Weather Forecast

Click for Imperial, Nebraska Forecast

Area counties beginning to see more marijuana violations PDF Print E-mail

■ Perkins County officials seeing effects of Colorado marijuana law. PAGE 14.

By Tim Linscott

Grant Tribune Sentinel

Sheriff: Chase County
not seeing big uptick
in drug cases (yet)

In describing the amount of large drug busts Deuel County has seen since Colorado law has legalized marijuana, Deuel County Sheriff Adam Haywood used the word “exponentially.”
In 2013, Deuel County, whose county seat is Chappell and includes a stretch of I-80, had 30 felony marijuana cases stemming from marijuana coming from Colorado.
In March 2014, there were already 22 cases. By mid-June Deuel County had equaled last year’s total number of cases.
“In only three months we almost matched an entire year of felony cases,” Haywood said.
Haywood notes that he is witnessing more people from Nebraska buying large quantities in Colorado to come back and distribute.
“We aren’t doing anything different in enforcement, we are going out there and enforcing traffic laws,” Haywood said, explaining that there was a time he would spend most of a day patrolling the interstate and would not find a single drug situation.
“Now in a few hours we will find several. You can’t help but run into it,” he said.
With only four deputies and limited financial resources, Haywood said he knows there are large amounts of marijuana likely coming through his county from Colorado daily.
“We’re probably barely scraping the tip of the iceberg to what is out there,” Haywood said.
He has observed that many of the people stopped for small amounts of marijuana are personal users or heading to a rural area, but larger amounts are most likely heading to cities like Grand Island or Lincoln.
“People with 50 to 100 pounds are going to metro areas. Those with three to five pounds are likely in rural areas, and metro, too, for that matter,” Haywood said, explaining simply that marijuana is now “everywhere.”
The amount of misdemeanor cases of possession of marijuana, less than one ounce, has remained about the same from last year, according to Haywood, but the blatant disregard for Nebraska law by Colorado residents has been surprising to him.
“We stop people with their drug paraphernalia pretty much out in the open and will say they have a medical (marijuana) card. I think it isn’t that they aren’t aware it is illegal here, I think they just don’t care,” Haywood said. “I think they know if they get caught with less than an ounce it is a ticket and they are on their way.”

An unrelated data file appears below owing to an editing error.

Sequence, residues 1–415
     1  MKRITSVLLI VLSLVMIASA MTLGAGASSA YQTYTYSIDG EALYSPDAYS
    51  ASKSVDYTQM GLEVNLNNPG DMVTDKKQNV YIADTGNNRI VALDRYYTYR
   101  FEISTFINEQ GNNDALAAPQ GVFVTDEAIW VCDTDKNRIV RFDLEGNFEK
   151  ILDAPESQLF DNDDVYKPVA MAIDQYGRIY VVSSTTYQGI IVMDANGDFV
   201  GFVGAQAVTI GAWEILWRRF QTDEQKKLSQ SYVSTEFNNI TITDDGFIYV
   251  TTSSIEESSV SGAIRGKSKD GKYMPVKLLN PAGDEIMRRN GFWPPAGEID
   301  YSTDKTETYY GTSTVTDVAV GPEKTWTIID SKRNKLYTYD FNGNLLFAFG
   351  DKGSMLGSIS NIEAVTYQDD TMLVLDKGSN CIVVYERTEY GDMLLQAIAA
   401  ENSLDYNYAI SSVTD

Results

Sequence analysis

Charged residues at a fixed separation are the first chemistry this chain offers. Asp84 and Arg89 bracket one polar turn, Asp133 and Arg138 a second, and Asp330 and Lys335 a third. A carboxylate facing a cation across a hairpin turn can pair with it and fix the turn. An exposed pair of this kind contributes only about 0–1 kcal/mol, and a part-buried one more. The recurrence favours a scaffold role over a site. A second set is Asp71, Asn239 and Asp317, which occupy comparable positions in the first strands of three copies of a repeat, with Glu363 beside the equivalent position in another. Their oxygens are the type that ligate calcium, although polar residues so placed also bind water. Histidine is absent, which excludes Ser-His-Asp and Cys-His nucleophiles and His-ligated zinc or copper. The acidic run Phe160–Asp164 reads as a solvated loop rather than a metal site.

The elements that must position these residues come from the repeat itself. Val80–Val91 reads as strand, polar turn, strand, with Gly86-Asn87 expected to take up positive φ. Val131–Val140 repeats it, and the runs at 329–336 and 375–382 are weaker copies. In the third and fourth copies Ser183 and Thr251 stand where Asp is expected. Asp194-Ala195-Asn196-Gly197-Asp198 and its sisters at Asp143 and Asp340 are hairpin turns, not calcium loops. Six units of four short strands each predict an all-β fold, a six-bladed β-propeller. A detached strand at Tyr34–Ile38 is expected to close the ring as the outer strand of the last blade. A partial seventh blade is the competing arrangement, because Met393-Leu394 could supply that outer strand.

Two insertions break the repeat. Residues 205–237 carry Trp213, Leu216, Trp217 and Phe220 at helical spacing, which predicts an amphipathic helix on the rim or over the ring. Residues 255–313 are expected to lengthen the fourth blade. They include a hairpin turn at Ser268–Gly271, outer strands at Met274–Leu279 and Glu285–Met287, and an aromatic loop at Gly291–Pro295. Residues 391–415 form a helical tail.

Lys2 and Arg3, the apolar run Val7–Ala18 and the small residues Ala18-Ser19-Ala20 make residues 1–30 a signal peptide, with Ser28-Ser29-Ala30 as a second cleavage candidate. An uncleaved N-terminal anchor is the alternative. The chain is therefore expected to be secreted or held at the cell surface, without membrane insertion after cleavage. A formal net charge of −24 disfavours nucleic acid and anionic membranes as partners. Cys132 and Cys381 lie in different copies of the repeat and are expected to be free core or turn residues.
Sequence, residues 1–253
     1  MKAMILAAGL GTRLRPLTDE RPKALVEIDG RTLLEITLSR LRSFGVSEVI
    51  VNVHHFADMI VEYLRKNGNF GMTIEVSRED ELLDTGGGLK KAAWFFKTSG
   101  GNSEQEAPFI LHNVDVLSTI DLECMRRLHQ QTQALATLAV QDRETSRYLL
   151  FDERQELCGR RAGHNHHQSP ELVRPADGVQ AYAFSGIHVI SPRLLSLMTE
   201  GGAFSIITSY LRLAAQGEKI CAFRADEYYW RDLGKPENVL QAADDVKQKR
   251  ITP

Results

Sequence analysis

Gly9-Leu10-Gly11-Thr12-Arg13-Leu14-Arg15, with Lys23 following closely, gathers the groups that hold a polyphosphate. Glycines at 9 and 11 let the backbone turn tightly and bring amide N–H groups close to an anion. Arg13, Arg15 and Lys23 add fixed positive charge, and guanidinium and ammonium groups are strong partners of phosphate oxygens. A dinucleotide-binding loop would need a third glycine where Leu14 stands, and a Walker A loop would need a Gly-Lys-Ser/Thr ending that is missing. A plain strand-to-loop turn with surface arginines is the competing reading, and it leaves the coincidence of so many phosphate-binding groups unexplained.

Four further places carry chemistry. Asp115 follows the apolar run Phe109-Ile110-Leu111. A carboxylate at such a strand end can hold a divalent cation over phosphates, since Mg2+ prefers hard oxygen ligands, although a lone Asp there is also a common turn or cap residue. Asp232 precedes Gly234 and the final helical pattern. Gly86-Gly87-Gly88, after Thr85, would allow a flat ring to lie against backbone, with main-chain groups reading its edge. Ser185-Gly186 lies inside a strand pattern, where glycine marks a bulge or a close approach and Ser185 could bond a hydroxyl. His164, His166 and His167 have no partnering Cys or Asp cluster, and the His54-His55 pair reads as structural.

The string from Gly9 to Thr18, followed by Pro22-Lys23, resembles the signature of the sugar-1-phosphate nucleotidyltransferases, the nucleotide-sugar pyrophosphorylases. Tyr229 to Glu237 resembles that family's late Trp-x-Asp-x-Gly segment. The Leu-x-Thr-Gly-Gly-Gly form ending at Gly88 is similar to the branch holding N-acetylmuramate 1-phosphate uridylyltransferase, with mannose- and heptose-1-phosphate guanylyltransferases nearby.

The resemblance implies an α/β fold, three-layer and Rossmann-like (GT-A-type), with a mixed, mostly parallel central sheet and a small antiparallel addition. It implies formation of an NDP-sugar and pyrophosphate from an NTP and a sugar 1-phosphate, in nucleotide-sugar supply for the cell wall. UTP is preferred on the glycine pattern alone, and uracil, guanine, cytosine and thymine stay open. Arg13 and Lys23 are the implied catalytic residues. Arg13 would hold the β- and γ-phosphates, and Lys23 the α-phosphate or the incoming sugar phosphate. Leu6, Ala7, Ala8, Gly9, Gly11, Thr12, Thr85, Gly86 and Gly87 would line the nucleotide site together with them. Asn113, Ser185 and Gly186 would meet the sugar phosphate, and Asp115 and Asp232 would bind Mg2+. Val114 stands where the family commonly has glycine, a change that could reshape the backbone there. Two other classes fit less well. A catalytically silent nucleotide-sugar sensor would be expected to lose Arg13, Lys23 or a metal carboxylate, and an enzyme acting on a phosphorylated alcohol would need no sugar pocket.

Deuel County has seen a significant increase in DUID (Driving Under the Influence of Drugs) cases since Amendment 64 in Colorado was passed in 2012.
Haywood reports that in 2013 there were more DUID cases in his county than DUI cases involving alcohol. To combat the issue, Haywood and his deputies took special training in handling a DUID.
“People are using marijuana and transporting it at the same time,” Haywood said. A major concern Haywood has about the Colorado marijuana law is the impact on young adults and children.
He explains that at some dispensaries in Colorado several food products with cannabis or hash oils are sold. Everything from candy to ordinary looking food items are available, with new options daily.
“Kids could be at home or in school consuming this stuff and no one would know,” Haywood said.
Because of his training, Haywood has been giving presentations to community groups and school districts in the region on what to look for and how to detect these seemingly ordinary food items containing marijuana.
“Now it is not all buds and leaves, it is everyday food items and there is something new every single day,” Haywood said.
One dispensary online offers bars, cookies and chocolates in packaging similar to gum and even “sugar free” items. Many dispensaries include e-cigarette (electronic vapor cigarette devices) with refills that include hash oil.
Haywood explains this, too, has become popular with younger people because there is virtually no smell. He and his deputies have been vigilant in looking for ways to combat this issue.
Chase County Sheriff Kevin Mueller has not seen an increase in DUID cases since the laws in Colorado changed in January. However, he has seen more people stopped for small amounts of personal use marijuana.
“As time goes on, I can see this will become more apparent here,” Mueller said, adding that the summer months mean more people traveling on vacation and he feels his department will have to deal with the issue of more people with small amounts of marijuana traveling through Chase County.
He’d like to see more bite in the laws for people carrying small amounts of marijuana.
“The laws in Nebraska tend to be not as strict as they should be, in my opinion. Alcohol misuse is pretty severe but with marijuana it is a fine and they move on,” Mueller said.
The attitude of many Colorado citizens carrying marijuana in Chase County has been nonchalant, according to Mueller.
“Just because they have a medical card or it is legal in Colorado, they think we should accept it in Nebraska,” Mueller said. “They are never too happy to get a citation.”